Comprehensive Regional Field Guides
Eastern Forests: A field guide to birds, mammals, trees, flowers, and more. by John Kricher and Gordon Morrison (Peterson Guide _ drawings and photos). These series has volumes covering several regions of North America. These guides combines ecology, natural history, and identification.
Field Guide to the Mid-Atlantic States by Peter Alden and Brian Cassie (National Audubon Society – photos). There is a guide for each region of the United States. These identification guides cover landforms, geology, night sky and stars various animals and plants.
Field Guide to the Eastern United States by Janine M. Benyus (drawings). This title is more a description of characteristics plants and animals. There is also a Field Guide to the Western United States.
Field Guide to the Piedmont: The Natural Habitats of America’s Most-Lived in Region from New York City to Montgomery, Alabama by Michael A. Godfrey. This series includes books covering other regions of North America.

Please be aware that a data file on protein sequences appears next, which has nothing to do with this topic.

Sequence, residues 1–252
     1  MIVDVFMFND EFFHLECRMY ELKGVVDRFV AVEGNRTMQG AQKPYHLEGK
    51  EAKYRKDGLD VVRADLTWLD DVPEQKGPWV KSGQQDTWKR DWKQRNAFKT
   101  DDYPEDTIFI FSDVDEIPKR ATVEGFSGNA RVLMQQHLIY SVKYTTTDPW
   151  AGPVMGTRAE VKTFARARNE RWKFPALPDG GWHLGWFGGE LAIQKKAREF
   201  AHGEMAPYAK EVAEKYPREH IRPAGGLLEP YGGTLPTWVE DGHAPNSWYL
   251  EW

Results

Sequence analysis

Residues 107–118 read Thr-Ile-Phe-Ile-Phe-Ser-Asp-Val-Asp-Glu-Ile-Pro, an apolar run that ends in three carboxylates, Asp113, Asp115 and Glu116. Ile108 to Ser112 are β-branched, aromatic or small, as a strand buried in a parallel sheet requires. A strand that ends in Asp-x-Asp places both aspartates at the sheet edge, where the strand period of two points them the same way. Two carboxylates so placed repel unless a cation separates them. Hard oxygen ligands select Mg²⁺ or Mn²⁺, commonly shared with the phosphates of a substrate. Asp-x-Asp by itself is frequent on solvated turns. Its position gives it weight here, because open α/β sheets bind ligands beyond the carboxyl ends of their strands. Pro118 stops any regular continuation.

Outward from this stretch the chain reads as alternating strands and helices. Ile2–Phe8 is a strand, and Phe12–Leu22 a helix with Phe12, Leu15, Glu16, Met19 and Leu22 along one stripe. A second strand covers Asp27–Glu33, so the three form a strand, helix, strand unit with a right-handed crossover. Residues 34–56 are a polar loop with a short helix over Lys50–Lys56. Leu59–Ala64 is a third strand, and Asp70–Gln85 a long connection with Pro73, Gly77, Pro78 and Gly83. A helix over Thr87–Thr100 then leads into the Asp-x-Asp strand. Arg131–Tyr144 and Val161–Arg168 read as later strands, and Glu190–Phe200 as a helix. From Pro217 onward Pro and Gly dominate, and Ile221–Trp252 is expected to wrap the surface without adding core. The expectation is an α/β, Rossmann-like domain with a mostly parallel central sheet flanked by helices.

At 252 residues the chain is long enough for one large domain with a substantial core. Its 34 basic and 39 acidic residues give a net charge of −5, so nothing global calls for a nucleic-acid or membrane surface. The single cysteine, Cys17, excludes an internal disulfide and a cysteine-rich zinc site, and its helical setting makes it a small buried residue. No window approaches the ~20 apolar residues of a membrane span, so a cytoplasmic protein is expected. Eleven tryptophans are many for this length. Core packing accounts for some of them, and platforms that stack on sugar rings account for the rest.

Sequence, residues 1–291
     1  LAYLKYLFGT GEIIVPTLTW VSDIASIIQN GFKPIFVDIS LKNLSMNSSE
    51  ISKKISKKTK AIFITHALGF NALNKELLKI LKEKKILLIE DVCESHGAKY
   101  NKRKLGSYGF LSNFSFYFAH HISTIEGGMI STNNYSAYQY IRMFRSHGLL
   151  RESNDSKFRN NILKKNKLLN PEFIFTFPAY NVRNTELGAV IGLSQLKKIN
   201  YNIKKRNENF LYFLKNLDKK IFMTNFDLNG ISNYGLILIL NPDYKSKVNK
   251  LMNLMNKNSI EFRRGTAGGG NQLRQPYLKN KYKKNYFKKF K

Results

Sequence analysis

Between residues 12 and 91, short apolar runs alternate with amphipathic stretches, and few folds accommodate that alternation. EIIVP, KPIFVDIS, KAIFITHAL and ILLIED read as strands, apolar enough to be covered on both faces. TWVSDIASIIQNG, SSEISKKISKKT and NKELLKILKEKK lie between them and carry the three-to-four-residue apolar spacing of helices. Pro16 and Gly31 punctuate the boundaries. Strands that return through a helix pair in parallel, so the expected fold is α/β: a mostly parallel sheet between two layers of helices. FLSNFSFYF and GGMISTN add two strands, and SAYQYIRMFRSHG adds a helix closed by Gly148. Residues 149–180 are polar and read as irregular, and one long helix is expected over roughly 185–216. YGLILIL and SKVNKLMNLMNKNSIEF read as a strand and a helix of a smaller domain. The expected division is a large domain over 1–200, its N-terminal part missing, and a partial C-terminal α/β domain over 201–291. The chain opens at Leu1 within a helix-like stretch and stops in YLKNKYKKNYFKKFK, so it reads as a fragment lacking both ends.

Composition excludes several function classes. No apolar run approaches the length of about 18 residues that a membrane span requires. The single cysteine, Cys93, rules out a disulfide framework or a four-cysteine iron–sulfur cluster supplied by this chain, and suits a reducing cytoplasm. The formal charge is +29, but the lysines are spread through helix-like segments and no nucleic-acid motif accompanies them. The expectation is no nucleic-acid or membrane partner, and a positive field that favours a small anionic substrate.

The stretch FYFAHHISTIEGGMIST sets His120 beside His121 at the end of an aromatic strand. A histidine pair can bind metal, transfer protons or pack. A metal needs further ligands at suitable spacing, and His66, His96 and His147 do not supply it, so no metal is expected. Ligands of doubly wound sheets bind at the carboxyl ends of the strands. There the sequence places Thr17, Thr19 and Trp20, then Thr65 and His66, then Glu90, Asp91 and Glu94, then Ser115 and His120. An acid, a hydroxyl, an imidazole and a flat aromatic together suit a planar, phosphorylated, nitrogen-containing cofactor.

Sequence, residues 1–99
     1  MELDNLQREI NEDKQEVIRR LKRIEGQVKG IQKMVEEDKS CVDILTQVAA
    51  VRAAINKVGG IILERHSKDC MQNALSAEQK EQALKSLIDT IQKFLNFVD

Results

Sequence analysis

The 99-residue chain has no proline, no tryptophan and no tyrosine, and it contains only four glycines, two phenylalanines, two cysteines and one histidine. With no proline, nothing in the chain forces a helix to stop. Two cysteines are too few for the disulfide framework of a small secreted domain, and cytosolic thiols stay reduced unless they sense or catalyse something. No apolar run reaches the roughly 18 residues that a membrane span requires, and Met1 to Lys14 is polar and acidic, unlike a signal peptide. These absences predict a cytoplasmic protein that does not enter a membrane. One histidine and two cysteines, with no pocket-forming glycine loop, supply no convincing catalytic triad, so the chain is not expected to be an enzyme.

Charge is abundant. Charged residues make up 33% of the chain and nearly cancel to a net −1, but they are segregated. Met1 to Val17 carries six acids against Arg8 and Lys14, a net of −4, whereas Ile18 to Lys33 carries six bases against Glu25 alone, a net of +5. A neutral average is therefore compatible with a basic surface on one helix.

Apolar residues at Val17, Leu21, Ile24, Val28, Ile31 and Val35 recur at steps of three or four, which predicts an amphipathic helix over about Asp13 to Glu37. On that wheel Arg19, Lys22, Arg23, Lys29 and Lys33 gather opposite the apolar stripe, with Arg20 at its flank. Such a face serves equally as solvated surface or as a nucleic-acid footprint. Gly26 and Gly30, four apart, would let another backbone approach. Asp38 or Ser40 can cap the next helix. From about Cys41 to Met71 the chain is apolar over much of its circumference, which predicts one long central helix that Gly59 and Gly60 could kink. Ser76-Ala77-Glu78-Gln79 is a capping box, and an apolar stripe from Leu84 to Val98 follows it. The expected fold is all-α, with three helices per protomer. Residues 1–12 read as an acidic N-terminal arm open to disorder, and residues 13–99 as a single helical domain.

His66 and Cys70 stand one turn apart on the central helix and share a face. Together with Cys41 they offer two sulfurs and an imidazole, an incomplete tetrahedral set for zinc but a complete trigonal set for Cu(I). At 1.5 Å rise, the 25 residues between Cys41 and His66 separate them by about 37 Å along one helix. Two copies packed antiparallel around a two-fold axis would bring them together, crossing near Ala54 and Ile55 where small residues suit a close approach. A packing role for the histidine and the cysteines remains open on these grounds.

The Middle Atlantic Coast; Cape Hatteras to Cape Cod by Bill Perry(A Sierra Club Naturalist’s Guide). This series (and oldie but goodie) has volume covering many regions of North America.
One Quick Note
I personalize my field guides. On this Peterson Field Guide to Eastern Trees, I’ve added stick on tabs so I can quickly find the sections on leaf types, silhouettes, evergreens, oaks in winter, etc. I write in my guides and take notes, too. Take it form a librarian, it’s okay to write in your books, not library books. But personalizing your books make them more useful and you can learn the information easier.
I hope this post helps make sense of the wide array of field guides available to naturalists and nature journal keepers.
Did I miss a favorite title? If you have questions or comments, send me a message in the comment field below.